CBCS News

CBCS Faculty and Organizations Honored at USF Diversity Summit

The College of Behavioral and Community Sciences is proud to announce the 10th Annual Diversity Summit at USF honored CBCS faculty and staff for their contributions to promoting diversity at USF. The summit, held on April 10th in the Marshall Student Center Ballroom, brought together leaders in diversity from across the USF campus and the community. 

Guitele Rahill, PH.D., LCSW, an Assistant Professor in the School of Social Work, has conducted research into Haitian health beliefs and practices, and has been designing an educational toolkit to mitigate the effects of unsafe medical practices among Haitians in the United States. Recently, Rahill traveled to Port-au-Prince in Haiti with Manisha Joshi, Ph.D., of the School of Social Work, to conduct research into HIV prevention and mental health services available to victims of sexual violence in Haiti. Rahill was recognized at the Diversity Summit for her research and initiatives into improving the lives of the Haitian population both in our community, across the country, and in Haiti.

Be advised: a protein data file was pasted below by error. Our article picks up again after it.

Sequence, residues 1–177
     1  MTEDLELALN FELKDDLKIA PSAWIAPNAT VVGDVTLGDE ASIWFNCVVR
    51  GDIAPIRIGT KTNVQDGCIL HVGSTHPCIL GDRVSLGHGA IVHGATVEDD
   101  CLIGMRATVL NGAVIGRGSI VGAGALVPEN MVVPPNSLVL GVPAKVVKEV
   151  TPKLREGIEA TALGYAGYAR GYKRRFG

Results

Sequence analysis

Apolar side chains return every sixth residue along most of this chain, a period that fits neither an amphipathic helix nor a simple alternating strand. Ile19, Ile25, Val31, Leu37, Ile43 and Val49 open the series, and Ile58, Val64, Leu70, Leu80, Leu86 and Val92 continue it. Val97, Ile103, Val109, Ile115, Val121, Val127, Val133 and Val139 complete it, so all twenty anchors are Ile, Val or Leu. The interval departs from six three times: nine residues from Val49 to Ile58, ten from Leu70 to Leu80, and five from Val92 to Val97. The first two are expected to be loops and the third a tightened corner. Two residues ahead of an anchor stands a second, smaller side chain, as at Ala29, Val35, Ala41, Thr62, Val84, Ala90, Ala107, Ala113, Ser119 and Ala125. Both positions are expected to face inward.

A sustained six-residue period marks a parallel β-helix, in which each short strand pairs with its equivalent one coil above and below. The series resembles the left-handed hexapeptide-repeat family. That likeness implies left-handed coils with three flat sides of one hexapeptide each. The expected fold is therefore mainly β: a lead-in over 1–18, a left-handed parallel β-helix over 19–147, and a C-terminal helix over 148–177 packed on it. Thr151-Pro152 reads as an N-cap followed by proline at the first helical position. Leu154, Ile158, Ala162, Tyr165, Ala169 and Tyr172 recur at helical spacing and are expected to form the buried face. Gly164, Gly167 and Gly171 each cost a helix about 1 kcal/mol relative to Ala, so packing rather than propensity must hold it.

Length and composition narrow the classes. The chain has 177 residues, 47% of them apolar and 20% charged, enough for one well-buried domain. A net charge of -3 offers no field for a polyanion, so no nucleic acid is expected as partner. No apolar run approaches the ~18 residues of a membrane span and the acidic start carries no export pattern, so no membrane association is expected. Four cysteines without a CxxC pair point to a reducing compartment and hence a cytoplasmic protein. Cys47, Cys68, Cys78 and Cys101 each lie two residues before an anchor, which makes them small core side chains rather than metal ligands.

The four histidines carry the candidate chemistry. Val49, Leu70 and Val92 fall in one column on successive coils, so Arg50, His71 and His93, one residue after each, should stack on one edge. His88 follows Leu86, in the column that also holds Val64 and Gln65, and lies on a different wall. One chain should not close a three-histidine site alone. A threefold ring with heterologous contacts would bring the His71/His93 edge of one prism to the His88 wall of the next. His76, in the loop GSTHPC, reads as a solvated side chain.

The Center for Autism and Related Disabilities (CARD) was also awarded for its community-based efforts in providing information and consultation to individuals diagnosed with autism spectrum disorders and related disabilities. CARD regularly sponsors events to benefit Tampa and USF-based initiatives, such as the upcoming 8th Annual Fiesta by the Bay to benefit the Center for Autism and Related Disabilities at USF.

Project Latino S.T.Y.L.E – Strengthening Today’s Youth Life Experience - is a research study for health promotion for Hispanic youth and their parents. Project Latino S.T.Y.L.E seeks to inform adolescents of Latin descent and their parents about alcohol and drugs, sexually transmitted diseases and sex, violence prevention, and communication between parents and teens. Four members of the project were honored at the Diversity Summit on April 10th: Ercilia Calcano, the project manager, Manny Major and Mily Porter, research support specialists, and Yairi Rivera, a research assistant.